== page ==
This place is worth a try.

2820 Roosevelt Rd.
Liberty Station, Point Loma
San Diego, CA 92106

Solare Restaurant ©Popcorn Press & Media

Solare Ristorate
©Popcorn Press & Media


An Interview with Le Metro’s Wine Curator Aaron Epstein

When Tina Morey, Operations Manager for Protocol Wine Studio in Sorrento Valley, told me she was creating a wine business I knew it would be a class act just like she is. It wasn’t too long after Protocol Wine Studio started that she and her partner launched another aspect of their business called Le Metro. I was curious, and thought maybe you would be too, to find out what these wine aficionados were up to.

Tina thought Aaron Epstein, Curator, would be the best person to answer the questions I was posing.


Q: Why underground? What’s the idea behind taking your business “underground”?

A: “Underground” is intended to convey the journey that each Le Metro collection takes you on (think Paris Metro and London Underground) and also speak to the provenance of our wines. Most of the wines we work with are such tiny production that it takes some cajoling to obtain them, and in many instances we’re literally snapping up the last few cases available in the market. Often they’re elusive bottles that wine lovers have read about but never actually been able to taste.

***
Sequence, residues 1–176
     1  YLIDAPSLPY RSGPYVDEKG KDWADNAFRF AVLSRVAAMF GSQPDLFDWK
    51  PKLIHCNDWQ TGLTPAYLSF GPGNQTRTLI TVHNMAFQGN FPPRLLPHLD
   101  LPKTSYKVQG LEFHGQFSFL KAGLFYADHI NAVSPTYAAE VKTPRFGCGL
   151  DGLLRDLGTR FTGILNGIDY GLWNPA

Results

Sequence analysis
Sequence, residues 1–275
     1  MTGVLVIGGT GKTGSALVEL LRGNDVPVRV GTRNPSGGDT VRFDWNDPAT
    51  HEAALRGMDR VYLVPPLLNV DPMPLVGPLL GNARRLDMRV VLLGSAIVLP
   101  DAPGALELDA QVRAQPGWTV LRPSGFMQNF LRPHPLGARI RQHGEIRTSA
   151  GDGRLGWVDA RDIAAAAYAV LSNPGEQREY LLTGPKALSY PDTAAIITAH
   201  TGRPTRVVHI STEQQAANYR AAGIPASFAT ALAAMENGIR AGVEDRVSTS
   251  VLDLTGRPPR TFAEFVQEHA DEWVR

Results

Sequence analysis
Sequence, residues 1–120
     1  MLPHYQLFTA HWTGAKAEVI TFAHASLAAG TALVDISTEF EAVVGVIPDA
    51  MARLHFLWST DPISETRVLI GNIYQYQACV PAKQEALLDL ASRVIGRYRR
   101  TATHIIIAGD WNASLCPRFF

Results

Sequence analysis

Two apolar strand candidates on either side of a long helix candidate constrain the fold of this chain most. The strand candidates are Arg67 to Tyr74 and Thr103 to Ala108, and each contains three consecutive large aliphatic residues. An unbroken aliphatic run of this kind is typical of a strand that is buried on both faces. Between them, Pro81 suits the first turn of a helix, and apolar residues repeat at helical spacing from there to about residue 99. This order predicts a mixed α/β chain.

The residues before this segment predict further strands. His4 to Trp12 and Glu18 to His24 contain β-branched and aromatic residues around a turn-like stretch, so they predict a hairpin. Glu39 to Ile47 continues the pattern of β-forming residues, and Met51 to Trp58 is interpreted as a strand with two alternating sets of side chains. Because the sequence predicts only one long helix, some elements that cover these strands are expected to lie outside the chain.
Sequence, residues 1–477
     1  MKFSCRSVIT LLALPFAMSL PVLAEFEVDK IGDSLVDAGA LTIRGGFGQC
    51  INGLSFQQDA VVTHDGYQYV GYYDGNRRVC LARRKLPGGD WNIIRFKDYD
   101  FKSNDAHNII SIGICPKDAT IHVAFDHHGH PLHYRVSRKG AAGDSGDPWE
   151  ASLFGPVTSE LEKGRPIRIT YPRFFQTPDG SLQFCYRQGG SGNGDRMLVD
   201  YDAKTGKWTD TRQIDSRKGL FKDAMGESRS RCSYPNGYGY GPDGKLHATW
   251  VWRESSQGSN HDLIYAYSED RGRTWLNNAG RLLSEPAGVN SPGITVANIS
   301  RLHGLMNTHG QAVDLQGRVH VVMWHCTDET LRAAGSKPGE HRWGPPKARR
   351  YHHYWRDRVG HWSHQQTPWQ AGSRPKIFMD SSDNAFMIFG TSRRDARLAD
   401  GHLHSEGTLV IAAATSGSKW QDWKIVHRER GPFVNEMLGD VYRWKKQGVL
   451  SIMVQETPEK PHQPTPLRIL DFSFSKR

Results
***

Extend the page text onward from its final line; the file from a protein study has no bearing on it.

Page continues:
Q: How is Le Metro different from other wine shops/events in San Diego?

A: Not just here in San Diego – Le Metro is different from every other wine purveyor in the world! I’m immensely proud to say that we’ve been doing this for fifteen months now, and I’ve yet to come across anybody out there providing context remotely like this for their wines. There are countless delicious bottles out there, and curators whose palates I deeply admire. But our content is totally unprecedented. Whether you prefer visual art or the written word, our goal is to make these wines resonate with you.

Q: Where are you going? What do you envision for the future?